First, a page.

The global governance agenda marches on.
In June of this year, at the Earth Summit in Rio de Janeiro, the United Nations (UN) will push for the expansion of their new and improved global environmental agency.
The UN Environmental Program (UNEP) will be promoted to “specialized agency” with a new title, UN Environment Organization (UNEO).
The UNEO will prop up the Sustainable Development division of the UN. The same agency that disseminates Agenda 21 policies to governments will be centralized into a global agency with powerful international backing.
As the unscientific assertions of a global environmental crisis, vanishing biodiversity and over-population become more “urgent” to the UN; the insertion of international governance is being covertly added into the mix as the answer to solve all problems worldwide.
Thus argues Publius. I agree.
Miller is concerned that:
The United Nation’s Committee Against Torture [whose vice-chairperson represents China] has voiced displeasure with Canada for its refugee reform bill. Furthermore, the UN “regrets” the CBSA’s Most Wanted List which targets war criminals and it also urges Canada to compensate Omar Ahmed Khadr and to bring him back to Canada promptly.
An international body, with a limited mandate, is telling a free and sovereign country with an exemplary record on human rights how to manage its affairs. It is also telling the duly elected government of Canada to compensate a self-confessed jihadist who killed an American medic. After all the little darling was only fifteen at the time and the big nasty American was trying to save his life. There is little evidence that Khadr has expressed remorse for his actions, or that he has rejected violence against the West. He is a Canadian of convenience who is morally, if not necessarily in law, a traitor.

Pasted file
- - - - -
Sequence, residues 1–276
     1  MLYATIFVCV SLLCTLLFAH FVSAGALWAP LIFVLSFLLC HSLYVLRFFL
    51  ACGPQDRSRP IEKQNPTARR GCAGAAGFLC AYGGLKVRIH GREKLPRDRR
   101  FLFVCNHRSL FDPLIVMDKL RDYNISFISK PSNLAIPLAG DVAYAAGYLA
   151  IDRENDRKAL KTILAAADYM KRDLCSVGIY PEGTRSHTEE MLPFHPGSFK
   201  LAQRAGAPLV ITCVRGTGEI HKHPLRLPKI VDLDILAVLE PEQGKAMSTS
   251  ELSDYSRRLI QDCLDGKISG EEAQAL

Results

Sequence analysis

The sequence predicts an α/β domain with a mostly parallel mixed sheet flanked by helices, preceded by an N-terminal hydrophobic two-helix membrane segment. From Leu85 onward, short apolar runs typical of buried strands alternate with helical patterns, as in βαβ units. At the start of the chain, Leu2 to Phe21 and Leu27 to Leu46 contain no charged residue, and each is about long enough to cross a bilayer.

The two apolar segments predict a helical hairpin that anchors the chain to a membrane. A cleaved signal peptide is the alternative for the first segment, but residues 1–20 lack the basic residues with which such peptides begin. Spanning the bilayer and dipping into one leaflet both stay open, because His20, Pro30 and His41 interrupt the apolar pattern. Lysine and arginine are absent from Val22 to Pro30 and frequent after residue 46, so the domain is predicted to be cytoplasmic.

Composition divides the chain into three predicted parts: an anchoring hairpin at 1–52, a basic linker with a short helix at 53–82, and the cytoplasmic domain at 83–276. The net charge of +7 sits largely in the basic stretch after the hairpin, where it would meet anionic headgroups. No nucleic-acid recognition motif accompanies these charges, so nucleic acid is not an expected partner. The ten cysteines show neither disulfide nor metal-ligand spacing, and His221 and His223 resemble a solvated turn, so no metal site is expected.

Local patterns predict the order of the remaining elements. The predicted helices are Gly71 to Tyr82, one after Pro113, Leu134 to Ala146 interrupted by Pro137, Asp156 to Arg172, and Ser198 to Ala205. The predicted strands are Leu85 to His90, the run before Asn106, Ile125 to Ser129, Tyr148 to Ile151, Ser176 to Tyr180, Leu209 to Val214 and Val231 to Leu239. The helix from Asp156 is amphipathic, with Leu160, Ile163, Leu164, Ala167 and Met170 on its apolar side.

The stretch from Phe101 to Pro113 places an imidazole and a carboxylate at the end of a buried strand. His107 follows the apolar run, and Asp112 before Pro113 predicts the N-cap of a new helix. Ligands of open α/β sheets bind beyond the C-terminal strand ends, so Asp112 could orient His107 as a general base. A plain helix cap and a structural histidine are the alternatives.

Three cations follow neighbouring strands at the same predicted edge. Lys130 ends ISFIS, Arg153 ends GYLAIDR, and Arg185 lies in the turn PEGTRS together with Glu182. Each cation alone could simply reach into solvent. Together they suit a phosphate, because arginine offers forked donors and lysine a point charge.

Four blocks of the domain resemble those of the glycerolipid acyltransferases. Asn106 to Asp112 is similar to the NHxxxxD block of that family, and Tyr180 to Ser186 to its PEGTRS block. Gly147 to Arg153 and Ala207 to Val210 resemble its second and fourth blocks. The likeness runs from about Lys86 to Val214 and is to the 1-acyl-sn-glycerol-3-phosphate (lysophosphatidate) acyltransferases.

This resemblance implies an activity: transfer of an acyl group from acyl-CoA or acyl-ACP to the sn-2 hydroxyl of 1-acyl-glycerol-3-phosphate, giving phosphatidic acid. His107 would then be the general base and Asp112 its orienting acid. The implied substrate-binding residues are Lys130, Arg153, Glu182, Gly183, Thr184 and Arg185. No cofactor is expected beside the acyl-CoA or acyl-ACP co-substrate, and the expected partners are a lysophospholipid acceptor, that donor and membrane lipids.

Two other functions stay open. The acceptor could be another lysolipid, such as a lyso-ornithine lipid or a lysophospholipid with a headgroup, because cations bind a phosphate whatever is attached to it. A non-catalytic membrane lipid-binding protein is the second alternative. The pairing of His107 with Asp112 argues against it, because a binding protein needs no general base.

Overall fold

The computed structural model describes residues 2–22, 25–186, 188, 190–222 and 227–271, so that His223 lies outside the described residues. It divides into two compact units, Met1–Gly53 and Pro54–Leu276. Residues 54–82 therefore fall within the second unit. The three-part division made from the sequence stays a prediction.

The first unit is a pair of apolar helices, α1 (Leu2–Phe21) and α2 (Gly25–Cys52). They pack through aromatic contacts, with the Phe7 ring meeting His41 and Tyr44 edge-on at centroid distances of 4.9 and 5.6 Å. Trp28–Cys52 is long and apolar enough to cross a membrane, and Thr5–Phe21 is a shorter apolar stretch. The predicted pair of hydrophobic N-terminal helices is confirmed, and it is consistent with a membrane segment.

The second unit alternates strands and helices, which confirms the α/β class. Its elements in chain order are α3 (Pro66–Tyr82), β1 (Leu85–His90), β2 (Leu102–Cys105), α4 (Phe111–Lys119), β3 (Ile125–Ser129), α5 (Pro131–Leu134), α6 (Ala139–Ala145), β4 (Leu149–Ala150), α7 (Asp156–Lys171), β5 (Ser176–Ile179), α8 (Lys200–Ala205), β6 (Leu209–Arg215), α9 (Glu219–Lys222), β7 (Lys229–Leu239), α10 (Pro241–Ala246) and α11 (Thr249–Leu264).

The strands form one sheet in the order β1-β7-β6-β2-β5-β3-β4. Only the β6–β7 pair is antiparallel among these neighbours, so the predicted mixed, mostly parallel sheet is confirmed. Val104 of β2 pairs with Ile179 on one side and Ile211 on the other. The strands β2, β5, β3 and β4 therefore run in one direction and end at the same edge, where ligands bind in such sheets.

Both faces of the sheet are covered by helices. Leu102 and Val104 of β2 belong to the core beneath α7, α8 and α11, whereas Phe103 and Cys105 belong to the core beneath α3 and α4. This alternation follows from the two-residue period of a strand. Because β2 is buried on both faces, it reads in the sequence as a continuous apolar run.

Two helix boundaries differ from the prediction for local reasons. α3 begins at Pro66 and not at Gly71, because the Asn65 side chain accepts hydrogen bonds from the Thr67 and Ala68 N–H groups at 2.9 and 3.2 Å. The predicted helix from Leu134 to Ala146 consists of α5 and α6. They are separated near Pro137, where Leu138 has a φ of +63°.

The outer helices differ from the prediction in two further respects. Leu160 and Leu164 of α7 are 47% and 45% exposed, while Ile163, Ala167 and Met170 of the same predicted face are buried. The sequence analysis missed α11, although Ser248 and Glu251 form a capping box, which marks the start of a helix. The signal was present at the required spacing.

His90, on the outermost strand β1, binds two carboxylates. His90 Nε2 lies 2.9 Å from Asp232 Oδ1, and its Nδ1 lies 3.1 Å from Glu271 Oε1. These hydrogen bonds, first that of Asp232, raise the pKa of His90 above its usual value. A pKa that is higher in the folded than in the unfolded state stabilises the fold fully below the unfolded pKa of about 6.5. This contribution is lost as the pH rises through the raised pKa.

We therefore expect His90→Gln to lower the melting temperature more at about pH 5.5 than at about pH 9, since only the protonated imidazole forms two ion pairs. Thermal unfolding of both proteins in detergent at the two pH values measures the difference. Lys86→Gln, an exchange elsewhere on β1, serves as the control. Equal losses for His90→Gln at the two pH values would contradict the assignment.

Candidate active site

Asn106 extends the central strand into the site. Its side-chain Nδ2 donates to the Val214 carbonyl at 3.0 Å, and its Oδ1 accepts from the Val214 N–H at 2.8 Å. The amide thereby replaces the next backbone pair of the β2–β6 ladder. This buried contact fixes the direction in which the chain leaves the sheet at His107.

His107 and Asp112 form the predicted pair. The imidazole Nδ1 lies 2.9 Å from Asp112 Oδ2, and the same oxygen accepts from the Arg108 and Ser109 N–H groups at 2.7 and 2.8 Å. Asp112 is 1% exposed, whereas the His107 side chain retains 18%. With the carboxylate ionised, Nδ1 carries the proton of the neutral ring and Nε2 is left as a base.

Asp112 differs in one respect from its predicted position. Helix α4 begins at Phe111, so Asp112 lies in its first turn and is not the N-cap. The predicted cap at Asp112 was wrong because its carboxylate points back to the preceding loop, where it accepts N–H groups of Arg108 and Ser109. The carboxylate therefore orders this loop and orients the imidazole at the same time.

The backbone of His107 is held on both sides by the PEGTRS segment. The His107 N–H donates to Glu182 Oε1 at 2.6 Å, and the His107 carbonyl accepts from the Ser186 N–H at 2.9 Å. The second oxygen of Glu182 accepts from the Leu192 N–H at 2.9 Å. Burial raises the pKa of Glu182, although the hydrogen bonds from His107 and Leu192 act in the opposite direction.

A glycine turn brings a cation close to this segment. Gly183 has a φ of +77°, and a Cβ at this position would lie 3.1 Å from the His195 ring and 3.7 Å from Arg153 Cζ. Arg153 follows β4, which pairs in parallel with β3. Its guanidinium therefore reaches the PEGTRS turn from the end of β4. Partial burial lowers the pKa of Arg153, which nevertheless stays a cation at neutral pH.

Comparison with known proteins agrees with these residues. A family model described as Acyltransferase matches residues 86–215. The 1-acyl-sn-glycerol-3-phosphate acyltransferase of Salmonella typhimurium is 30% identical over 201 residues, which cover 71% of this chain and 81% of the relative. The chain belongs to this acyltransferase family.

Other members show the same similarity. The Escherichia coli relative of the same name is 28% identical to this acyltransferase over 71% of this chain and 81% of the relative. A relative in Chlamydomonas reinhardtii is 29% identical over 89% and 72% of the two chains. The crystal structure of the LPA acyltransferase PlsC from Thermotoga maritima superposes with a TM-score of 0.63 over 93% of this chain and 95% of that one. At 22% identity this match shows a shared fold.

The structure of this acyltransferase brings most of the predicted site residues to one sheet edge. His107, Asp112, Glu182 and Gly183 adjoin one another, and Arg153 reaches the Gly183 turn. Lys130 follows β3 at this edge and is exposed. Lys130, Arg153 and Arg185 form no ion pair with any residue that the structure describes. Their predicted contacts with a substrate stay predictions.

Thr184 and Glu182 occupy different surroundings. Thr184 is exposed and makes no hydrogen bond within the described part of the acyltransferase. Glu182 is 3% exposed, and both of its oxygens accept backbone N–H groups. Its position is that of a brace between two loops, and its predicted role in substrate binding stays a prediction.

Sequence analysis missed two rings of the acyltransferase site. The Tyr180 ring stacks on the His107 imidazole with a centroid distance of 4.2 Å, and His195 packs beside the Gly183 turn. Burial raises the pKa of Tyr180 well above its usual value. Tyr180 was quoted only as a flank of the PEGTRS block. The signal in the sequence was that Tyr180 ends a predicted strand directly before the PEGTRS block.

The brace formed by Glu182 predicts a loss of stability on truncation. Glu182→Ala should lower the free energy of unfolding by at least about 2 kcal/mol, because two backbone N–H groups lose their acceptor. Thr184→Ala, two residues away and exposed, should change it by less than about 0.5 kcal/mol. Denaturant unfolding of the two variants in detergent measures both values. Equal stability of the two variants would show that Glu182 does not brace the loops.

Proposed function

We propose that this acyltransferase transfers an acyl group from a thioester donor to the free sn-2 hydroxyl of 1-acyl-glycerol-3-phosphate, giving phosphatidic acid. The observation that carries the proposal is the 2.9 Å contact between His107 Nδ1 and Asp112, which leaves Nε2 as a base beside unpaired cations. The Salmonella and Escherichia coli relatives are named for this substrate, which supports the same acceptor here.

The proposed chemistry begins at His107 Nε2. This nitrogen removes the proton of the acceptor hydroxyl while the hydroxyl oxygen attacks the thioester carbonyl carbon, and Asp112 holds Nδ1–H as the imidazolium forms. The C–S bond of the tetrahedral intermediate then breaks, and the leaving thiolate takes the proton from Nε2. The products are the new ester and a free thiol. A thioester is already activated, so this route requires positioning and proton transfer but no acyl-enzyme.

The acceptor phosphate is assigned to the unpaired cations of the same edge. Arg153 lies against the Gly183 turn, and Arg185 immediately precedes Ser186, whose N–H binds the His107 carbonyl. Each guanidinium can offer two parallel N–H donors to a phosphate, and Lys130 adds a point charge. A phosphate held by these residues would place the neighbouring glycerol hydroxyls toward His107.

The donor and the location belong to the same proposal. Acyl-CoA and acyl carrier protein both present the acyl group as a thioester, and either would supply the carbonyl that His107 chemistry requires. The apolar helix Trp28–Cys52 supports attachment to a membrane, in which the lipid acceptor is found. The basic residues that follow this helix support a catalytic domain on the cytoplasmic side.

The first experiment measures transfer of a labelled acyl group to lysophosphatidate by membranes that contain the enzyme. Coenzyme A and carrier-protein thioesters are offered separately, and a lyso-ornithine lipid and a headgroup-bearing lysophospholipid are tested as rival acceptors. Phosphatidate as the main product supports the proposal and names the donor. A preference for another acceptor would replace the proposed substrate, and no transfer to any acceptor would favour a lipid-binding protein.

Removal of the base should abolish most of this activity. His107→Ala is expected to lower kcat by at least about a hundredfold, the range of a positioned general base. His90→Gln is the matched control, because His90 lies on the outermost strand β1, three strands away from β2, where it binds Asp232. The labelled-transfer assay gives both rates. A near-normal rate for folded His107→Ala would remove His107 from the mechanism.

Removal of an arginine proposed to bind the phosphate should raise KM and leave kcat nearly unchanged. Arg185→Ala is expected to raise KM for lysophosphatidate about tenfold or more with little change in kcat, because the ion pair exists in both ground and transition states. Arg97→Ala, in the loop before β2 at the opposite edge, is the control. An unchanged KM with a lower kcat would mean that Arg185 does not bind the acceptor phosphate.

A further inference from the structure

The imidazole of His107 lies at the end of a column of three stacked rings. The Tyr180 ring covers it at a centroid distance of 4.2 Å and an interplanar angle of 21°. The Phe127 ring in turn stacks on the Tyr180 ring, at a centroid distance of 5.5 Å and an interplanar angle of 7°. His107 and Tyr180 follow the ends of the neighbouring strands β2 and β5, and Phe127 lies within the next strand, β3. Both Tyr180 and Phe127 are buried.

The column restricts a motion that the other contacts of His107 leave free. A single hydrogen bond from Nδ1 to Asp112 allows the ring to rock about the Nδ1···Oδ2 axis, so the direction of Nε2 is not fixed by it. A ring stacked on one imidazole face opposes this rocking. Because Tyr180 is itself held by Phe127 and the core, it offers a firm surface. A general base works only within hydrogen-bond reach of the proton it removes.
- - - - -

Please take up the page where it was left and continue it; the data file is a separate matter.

Once upon a time in Canada we knew how to deal with traitors.
These sermons on justice are being delivered by an organization that is morally bankrupt. The United Nations Human Rights Council’s membership includes such bastions of liberty as: Angola, Burkina Faso, Cuba, Libya, Mauritania (where slavery is widespread), Qatar, the Russian Federation and Saudi Arabia. There is every reason for Canada to “review” its participation in an organization so lacking in integrity that it is willing to provide moral cover for such loathsome regimes.
Thankfully, it doesn’t seem popular with either Democrats or Republicans – for now.
House lawmakers will consider an international proposal next week to give the United Nations more control over the Internet.
The proposal is backed by China, Russia, Brazil, India and other UN members, and would give the UN’s International Telecommunication Union (ITU) more control over the governance of the Internet.
It’s an unpopular idea with lawmakers on both sides of the aisle in Congress, and officials with the Obama administration have also criticized it.
“We’re quite concerned,” Larry Strickling, the head of the Commerce Department’s National Telecommunications and Information Administration, said in an interview with The Hill earlier this year.
He said the measure would expose the Internet to “top-down regulation where it’s really the governments that are at the table, but the rest of the stakeholders aren’t.”
At a hearing earlier this month, Sen. Marco Rubio (R-Fla.) also criticized the proposal. He said China and Russia are “not exactly bastions of Internet freedom.”
“Any place that bans certain terms from search should not be a leader in international Internet regulatory frameworks,” he said, adding that he will keep a close eye on the process.
Yet the proposal could come up for a vote at a UN conference in Dubai in December.